At Luke C. Moore Academy, forming a basketball team gave troubled students a needed outlet

In its first year fielding a basketball team, Luke C. Moore Academy has found that the sport is a rallying point for student-athletes working to make their second chance count. In this behind-the-scenes look, many members of the team discuss their journey, including the team's only female member, Erika Miller.
Washington Post Staff Writer
Tuesday, February 22, 2011; 12:36 AM

Just a couple of hours before Eugene Williams was set to play his first varsity basketball game earlier this month, the former high school dropout triumphantly hoisted his jersey in the makeshift locker room. This was what he worked toward: a chance finally to play high school basketball, while also putting his life back on track.

Alongside Williams that afternoon were players whose paths included similar missteps on the District's streets. Some had spent time in jail; many had spent time around drugs; all had flunked out of or been expelled from other D.C. high schools before landing at Luke C. Moore Academy, the city's only public alternative high school.

Opened in 1970, Moore had never fielded an interscholastic sports team. Sports never seemed to fit alongside the curriculum. That changed, however, this winter. After more than a year of preparation, the school's new administration was able to put a boys' basketball team into the D.C. Interscholastic Athletic Association. The Eagles finished the year 1-11 and will not qualify for the DCIAA playoffs, but those involved with the team acknowledge this is one record that doesn't matter - the basketball was the thing.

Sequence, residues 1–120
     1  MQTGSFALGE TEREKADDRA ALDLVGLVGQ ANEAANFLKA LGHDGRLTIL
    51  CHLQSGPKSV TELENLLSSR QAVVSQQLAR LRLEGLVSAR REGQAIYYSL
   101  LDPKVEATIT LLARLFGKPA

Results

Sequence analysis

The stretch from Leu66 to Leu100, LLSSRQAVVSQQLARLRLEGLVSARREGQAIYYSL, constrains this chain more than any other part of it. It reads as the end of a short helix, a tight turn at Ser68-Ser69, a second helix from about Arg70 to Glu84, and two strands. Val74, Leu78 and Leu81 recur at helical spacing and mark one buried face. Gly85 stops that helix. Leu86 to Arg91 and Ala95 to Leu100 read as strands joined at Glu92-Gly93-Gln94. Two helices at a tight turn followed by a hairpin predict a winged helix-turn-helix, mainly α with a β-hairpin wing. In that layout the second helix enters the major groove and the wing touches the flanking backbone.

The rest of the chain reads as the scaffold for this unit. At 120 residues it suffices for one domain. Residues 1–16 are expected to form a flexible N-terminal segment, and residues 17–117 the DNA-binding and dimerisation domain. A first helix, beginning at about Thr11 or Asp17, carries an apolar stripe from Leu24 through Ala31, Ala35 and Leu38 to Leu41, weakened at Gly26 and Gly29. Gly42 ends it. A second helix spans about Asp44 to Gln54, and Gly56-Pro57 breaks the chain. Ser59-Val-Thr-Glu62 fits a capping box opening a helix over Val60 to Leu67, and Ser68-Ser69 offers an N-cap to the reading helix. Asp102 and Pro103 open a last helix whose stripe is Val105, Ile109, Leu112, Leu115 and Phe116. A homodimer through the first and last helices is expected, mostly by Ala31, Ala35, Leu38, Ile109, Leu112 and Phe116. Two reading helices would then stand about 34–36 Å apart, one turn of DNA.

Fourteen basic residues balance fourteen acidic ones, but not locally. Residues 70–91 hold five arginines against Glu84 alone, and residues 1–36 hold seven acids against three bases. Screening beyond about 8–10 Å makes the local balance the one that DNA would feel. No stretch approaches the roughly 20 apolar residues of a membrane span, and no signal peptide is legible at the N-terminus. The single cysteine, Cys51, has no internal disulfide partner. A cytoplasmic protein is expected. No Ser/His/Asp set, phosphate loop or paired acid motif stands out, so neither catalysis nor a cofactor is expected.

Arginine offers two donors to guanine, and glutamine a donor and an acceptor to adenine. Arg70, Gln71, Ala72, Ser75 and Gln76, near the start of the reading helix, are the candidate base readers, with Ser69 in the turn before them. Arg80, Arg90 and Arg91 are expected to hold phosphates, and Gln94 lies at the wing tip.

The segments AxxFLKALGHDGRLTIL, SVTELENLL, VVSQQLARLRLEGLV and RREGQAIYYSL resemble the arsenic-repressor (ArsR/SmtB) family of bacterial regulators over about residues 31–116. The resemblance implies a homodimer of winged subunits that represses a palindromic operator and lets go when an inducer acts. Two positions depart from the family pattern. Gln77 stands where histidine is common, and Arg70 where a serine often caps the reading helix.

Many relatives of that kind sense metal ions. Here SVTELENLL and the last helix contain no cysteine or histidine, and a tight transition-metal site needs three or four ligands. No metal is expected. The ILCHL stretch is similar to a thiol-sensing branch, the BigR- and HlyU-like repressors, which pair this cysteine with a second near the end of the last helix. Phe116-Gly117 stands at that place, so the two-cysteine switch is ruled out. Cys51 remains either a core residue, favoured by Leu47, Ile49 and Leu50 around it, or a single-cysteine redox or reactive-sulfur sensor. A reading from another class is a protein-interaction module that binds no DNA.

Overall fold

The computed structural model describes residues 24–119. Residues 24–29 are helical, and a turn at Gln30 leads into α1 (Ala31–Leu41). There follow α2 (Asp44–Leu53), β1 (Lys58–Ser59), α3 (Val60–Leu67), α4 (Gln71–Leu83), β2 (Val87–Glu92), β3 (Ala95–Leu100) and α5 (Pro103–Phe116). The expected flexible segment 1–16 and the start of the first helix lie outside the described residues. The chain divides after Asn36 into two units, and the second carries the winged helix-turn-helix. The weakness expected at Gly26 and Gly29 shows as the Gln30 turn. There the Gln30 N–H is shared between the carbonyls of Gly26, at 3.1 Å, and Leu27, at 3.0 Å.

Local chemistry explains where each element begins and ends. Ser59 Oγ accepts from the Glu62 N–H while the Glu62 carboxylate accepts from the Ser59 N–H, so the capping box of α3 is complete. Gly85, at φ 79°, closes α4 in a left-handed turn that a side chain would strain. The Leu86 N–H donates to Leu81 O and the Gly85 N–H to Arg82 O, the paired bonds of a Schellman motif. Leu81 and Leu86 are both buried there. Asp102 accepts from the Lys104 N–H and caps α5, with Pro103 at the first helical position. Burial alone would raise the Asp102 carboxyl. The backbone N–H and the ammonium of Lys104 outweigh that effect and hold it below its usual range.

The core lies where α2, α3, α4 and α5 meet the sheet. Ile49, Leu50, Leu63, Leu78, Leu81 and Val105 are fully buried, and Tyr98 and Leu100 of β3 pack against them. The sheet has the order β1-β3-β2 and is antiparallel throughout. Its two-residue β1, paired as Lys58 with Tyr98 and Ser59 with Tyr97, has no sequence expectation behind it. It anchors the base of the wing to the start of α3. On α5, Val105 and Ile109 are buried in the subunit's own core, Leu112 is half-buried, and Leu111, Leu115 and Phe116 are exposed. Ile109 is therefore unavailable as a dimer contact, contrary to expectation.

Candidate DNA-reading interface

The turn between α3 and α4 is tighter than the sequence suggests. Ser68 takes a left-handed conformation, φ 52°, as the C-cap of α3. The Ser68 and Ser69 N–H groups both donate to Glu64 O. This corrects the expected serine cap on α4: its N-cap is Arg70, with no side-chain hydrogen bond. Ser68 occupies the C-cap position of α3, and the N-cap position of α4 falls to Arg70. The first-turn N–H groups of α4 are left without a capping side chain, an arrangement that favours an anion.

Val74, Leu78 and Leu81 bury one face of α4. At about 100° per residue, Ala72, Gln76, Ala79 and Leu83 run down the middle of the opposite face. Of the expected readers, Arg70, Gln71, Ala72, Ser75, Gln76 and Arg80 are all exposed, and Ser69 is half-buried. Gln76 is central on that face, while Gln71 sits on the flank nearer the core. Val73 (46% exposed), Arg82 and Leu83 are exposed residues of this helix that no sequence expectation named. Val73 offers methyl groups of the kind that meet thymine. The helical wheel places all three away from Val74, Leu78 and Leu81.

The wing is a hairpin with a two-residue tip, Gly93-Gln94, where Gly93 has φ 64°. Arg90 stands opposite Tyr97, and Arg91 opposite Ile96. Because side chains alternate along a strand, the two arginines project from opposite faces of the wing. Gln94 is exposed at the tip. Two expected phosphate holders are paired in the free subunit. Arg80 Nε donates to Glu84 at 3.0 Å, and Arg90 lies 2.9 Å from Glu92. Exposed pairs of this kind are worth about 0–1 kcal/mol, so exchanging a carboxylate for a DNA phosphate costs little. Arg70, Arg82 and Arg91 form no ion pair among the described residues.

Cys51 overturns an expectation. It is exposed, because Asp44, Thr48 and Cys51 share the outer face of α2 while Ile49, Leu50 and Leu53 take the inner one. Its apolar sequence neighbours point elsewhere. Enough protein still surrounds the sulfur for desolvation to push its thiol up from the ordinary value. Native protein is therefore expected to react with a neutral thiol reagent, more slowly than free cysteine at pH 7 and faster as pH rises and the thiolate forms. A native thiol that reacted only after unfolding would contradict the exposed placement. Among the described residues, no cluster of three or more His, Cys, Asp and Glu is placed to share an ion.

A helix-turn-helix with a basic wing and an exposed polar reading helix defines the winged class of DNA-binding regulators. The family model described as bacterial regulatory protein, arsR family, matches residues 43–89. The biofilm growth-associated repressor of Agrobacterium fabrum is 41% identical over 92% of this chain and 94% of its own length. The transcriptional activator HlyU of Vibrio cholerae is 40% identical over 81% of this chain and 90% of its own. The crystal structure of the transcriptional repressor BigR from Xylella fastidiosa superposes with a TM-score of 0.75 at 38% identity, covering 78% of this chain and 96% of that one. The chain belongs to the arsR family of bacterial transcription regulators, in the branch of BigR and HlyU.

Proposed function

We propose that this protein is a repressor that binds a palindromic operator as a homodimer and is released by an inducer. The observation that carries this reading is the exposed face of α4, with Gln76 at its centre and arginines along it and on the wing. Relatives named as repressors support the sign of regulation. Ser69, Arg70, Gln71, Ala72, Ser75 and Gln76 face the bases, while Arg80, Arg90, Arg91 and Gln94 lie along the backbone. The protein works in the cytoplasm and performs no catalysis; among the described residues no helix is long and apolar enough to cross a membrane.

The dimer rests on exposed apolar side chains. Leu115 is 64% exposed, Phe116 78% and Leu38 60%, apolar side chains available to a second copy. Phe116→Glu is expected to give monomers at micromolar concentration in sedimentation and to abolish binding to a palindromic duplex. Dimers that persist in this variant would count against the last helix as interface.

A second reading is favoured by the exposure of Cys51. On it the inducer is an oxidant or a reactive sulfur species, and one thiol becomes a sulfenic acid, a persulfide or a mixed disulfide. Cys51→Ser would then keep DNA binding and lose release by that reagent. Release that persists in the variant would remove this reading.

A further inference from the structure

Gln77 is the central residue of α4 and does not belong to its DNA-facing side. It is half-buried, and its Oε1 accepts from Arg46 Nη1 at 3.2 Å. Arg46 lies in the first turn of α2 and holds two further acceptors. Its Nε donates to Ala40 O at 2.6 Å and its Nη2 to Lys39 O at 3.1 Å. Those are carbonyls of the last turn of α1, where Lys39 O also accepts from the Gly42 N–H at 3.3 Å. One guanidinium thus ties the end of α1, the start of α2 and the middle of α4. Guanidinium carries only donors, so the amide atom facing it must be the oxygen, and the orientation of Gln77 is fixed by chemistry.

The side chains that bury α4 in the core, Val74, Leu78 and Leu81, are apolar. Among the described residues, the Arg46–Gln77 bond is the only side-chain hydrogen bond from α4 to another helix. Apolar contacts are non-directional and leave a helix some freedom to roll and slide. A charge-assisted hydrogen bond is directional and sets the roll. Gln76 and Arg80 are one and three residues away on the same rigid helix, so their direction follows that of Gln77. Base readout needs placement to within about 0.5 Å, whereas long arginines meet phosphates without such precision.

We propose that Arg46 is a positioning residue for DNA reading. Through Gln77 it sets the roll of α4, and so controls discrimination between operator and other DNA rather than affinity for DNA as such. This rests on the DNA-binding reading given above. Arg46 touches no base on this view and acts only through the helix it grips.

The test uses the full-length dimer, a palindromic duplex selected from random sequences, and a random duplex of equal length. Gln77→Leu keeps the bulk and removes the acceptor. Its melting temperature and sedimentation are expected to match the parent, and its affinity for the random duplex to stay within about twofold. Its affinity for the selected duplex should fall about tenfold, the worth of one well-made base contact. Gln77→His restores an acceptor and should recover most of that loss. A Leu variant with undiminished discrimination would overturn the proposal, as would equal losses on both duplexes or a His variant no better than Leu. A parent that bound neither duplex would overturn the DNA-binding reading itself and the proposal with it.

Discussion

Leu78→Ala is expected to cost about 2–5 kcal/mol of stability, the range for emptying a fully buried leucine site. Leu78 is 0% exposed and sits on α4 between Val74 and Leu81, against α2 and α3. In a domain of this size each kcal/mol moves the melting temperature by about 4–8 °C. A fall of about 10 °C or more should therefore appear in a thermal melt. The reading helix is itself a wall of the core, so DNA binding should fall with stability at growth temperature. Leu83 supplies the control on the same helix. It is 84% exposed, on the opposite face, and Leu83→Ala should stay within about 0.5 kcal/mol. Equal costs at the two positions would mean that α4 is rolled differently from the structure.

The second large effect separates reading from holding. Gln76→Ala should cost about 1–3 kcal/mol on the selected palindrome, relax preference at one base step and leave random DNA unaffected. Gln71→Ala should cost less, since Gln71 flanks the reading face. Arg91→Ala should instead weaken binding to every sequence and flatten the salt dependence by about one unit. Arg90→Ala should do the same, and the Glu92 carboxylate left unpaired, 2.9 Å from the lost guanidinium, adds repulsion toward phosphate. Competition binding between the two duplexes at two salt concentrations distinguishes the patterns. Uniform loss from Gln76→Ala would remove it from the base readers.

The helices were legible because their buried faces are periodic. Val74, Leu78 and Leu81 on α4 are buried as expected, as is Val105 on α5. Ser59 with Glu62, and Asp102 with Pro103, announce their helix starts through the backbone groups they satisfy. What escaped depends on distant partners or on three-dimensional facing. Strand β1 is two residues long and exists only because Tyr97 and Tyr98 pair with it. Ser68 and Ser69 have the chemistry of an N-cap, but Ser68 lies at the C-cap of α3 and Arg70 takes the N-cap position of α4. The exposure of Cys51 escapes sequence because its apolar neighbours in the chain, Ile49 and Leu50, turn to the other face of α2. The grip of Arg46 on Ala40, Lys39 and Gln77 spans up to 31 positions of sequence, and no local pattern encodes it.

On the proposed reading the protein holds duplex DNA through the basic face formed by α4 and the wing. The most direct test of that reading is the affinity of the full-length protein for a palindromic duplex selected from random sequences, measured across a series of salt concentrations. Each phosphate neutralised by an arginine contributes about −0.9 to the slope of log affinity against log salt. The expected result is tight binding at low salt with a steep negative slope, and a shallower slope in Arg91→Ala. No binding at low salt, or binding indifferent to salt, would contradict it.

"That's all I was waiting for," said Williams, who enrolled at Luke C. Moore in November at the behest of his girlfriend, after he spent the past three years bouncing between schools in the District and Montgomery County before he stopped going to classes at Paint Branch last March. "When I got out there, that was it for me. That was the reason I came back [to school]. Now, maybe I can get my diploma and do something with my life."

Williams knows he's almost out of options. He winces when asked what he would be doing now if Luke C. Moore had not decided to field a basketball team. Looking around at his teammates, Williams knows he has plenty of company.

"A lot of these kids are looking for a second chance, but some, a fifth chance," said Carlos Perkins, Luke C. Moore's assistant principal. "But for most of them, it's their last chance."

When Azalia Hunt-Speight, 30, took over as Moore principal prior to the 2009-10 school year, average daily attendance at the Brookland school was 32 percent, according to DCPS.

"The first thing we said was, 'How do we turn this place into a place that people want to be?' " she said, noting enrollment this year is 289. "Sports matters. It helps you to see the light."

Even though the school moved into a renovated and modernized building for the 2006-07 school year, it was clear to Perkins why so few students wanted to be there.

"When we walked into the building, it felt like an adult facility," he said, referring to the bare walls, devoid of the school's maroon and gold, renderings of Moore's mascot or anything to unite a geographically disparate student body. "We wanted it to feel like a school."

Since Luke C. Moore never had a team, its students had to hurry to other schools at dismissal to play for their teams, per DCPS rules for schools that don't sponsor a particular sport. And that only happened if they were able to meet DCIAA eligibility standards.

A point of pride

"What does it mean, in the context of Luke C. Moore, for Luke C. Moore to have a basketball team?" Perkins asked, explaining how the administration debated starting a team. "We want you to be proud of your school, and, ultimately, we realized that this is something that can do that."

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